As I was paging through a Polish cookbook in our local library I came across a recipe for bialys and was completely caught off guard! Growing up I had bialys all the time but I had no idea they were a traditional Polish recipe until now. Right then and there I decided I had to add bialys to our traditional Polish paleo Christmas dinner. This is my rendition of a Paleo bialy which is one of my all time favorite, pre-paleo foods.
A Blast From My Past
When I was growing up we would eat bagels, cream cheese and lox with sliced onion and tomato along with a side of smoked fish regularly. And if we were going to visit my aunts and grandma in the city it was almost inevitable that my dad was going to stop at Kaufman’s Bakery in Chicago for the best of all of those ingredients.
We regularly celebrated a couple of the Jewish holiday’s with my dad’s side of the family but this was my holiday because I absolutely LOVED this meal!
What’s funny is just going to Kaufman’s website and looking at their photos, I can smell the everything bagel, the onion bialy and the smoked fish as if I was standing in the deli right now.
At the time I never thought about the history of the bagel and bialy…I just ate them and all their glorious flavors. But when I found bialys in that Polish cookbook, I wanted to learn more!
Traditional Polish Bread
It turns out that bagels and bialys originated in Poland and were consumed in Eastern European Jewish communities as early as the 17th century.
In “The Joys of Yiddish” the first known mention of the Polish word bajgiel derived from the Yiddish word bagel in the “Community Regulations” of the city of Kraków in 1610 stated that the item was given as a gift to women in childbirth. (Source)
This, to me, was just mind bending.
Bagel Versus Bialy
I’m pretty sure most everyone knows what a bagel is but you may not be as familiar with bialys.
Actually, if you’ve ever been to a family restaurant in a suburban town where anything and everything can be found being served on the menu, you may have seen a bialy here or there mixed in with the bread that is initially placed on the table.
There are a couple different varieties of bialy so first I’ll tell you about the more popular version.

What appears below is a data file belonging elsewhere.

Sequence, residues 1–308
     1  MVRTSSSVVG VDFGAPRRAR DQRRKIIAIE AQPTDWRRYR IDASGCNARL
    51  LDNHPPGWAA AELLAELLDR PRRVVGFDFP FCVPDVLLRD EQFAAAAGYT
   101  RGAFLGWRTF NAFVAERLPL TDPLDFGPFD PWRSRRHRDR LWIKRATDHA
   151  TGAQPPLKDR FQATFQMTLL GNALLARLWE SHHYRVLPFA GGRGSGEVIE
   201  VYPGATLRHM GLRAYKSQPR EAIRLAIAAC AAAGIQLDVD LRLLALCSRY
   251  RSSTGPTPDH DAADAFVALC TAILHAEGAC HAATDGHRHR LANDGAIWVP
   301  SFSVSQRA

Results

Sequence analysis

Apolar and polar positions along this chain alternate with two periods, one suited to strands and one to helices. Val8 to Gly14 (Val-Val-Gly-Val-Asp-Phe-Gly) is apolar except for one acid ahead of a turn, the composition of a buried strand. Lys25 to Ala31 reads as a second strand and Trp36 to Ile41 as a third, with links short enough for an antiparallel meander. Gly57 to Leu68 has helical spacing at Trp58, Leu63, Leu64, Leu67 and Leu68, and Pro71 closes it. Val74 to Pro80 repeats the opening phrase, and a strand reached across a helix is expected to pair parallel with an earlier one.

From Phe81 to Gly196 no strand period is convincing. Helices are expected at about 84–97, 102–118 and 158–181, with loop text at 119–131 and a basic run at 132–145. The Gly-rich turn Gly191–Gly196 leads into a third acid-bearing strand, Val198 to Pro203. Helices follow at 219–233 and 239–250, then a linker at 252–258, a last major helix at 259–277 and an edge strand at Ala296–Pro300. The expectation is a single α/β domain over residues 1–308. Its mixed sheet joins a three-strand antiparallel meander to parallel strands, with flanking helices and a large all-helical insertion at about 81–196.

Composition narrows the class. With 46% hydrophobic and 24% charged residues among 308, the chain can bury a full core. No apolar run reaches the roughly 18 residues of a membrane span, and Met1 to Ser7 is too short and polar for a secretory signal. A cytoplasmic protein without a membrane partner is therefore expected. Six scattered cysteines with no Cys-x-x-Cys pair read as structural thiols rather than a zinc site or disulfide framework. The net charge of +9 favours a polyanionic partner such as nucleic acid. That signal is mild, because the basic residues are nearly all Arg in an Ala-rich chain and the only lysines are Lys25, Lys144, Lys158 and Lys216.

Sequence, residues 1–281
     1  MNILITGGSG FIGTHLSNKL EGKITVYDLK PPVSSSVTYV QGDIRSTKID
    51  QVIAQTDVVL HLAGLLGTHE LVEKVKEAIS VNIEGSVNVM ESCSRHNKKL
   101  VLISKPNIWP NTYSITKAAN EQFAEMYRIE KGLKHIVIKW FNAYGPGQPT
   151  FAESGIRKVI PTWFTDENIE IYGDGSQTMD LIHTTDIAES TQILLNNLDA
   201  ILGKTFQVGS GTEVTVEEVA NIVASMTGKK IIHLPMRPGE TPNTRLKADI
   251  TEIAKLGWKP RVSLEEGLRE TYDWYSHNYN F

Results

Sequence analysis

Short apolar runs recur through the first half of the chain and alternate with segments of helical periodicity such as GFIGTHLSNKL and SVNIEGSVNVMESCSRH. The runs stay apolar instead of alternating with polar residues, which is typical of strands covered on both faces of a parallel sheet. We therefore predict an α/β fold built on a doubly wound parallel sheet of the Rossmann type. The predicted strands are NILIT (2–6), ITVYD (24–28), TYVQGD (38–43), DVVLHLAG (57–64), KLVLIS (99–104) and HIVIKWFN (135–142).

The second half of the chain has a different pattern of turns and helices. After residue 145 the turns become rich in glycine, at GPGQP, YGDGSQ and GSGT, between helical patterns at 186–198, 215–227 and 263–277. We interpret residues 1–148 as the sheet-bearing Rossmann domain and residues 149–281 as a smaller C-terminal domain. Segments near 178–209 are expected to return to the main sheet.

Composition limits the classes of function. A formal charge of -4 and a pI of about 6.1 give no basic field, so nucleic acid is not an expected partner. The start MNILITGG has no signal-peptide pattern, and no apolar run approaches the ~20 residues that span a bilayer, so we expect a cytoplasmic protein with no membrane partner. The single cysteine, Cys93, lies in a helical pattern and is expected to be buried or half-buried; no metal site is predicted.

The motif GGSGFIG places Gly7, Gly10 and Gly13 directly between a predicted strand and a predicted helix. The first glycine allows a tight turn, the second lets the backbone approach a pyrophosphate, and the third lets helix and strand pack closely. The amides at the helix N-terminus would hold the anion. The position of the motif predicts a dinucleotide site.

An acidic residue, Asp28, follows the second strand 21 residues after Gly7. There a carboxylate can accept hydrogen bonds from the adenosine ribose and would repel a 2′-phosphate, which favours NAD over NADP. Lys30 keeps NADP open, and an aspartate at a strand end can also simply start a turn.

A traditional bialy can look quite a lot like a bagel but it’s actually different. They’re both typically round however a bialy will have an indentation in the center where additional ingredients are added such as minced onion, poppy seeds and/or garlic.
This chewy yeast roll can be up to 6 inches in diameter and differs from a bagel because it is not boiled before being baked.
There is another variety of bialy that is smaller and more of a baguette style, but you won’t see these as often. Even though I was a total fan of the everything bagel (and you know I love my onion and garlic) I used to enjoy the smaller, baguette style bialy over the traditional version.
Unlike the onion and garlic filled bialy, these were typically found with poppy seeds on top. They were closer to 50% soft center and 50% crunchy exterior, and they were my favorite. I would slice the bialy down the center and slather it in butter and if there was only one in the bread basket I always got dibs! :)
A More Dense Bialy
Now I haven’t had a traditional bagel or bialy in forever, aside from this Paleo Bacon Bagel and taking my go at a Paleo Everything Bagel (shown above)…though that recipe has yet to make it to the blog. I just had to make a paleo bialy for our traditional Polish dinner.
I haven’t played with combining yeast and alternative flours which is why this is much more of a dense bialy, because it’s made from primarily almond flour. Especially when compared to the traditional version. It definitely has that similar consistency of chewy center and slightly crunch exterior however I left off the poppy seeds because adding them would mean my mom would not have been able to try them.
And actually this was one of the first recipes I made using Primal Kitchen’s new Avocado Oil. The flavor of their avocado oil is so mild, especially compared to other varieties I would normally buy, that I was totally hooked on first taste.
These paleo bialys went over really well with our non-paleo audience! You can serve them as you would a typical roll and you don’t even have to mention that they’re paleo.